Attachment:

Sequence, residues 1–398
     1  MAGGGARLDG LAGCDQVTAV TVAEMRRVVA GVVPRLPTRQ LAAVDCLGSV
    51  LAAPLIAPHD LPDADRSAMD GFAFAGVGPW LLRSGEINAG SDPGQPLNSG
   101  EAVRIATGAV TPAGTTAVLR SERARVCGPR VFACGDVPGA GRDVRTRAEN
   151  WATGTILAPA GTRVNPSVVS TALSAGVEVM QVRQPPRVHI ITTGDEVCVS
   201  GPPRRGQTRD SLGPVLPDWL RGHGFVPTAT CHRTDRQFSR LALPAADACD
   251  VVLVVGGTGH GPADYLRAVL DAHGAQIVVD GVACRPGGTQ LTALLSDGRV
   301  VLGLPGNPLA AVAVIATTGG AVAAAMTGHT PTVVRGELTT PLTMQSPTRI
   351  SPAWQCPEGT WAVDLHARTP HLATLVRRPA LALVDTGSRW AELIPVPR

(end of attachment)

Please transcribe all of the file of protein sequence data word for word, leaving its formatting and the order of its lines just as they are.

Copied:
Sequence, residues 1–398
     1  MAGGGARLDG LAGCDQVTAV TVAEMRRVVA GVVPRLPTRQ LAAVDCLGSV
    51  LAAPLIAPHD LPDADRSAMD GFAFAGVGPW LLRSGEINAG SDPGQPLNSG
   101  EAVRIATGAV TPAGTTAVLR SERARVCGPR VFACGDVPGA GRDVRTRAEN
   151  WATGTILAPA GTRVNPSVVS TALSAGVEVM QVRQPPRVHI ITTGDEVCVS
   201  GPPRRGQTRD SLGPVLPDWL RGHGFVPTAT CHRTDRQFSR LALPAADACD
   251  VVLVVGGTGH GPADYLRAVL DAHGAQIVVD GVACRPGGTQ LTALLSDGRV
   301  VLGLPGNPLA AVAVIATTGG AVAAAMTGHT PTVVRGELTT PLTMQSPTRI
   351  SPAWQCPEGT WAVDLHARTP HLATLVRRPA LALVDTGSRW AELIPVPR